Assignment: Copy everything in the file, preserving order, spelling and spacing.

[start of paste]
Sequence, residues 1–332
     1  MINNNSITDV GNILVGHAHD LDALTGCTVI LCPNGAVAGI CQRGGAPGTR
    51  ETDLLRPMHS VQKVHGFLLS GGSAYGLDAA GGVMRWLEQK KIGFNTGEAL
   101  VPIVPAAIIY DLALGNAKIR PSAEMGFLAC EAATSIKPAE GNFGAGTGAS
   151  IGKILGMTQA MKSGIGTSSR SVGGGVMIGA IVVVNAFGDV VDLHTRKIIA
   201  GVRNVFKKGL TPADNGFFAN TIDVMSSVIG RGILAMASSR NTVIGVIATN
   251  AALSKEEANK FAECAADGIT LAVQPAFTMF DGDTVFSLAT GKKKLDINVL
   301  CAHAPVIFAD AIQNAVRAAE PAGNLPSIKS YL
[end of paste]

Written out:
Sequence, residues 1–332
     1  MINNNSITDV GNILVGHAHD LDALTGCTVI LCPNGAVAGI CQRGGAPGTR
    51  ETDLLRPMHS VQKVHGFLLS GGSAYGLDAA GGVMRWLEQK KIGFNTGEAL
   101  VPIVPAAIIY DLALGNAKIR PSAEMGFLAC EAATSIKPAE GNFGAGTGAS
   151  IGKILGMTQA MKSGIGTSSR SVGGGVMIGA IVVVNAFGDV VDLHTRKIIA
   201  GVRNVFKKGL TPADNGFFAN TIDVMSSVIG RGILAMASSR NTVIGVIATN
   251  AALSKEEANK FAECAADGIT LAVQPAFTMF DGDTVFSLAT GKKKLDINVL
   301  CAHAPVIFAD AIQNAVRAAE PAGNLPSIKS YL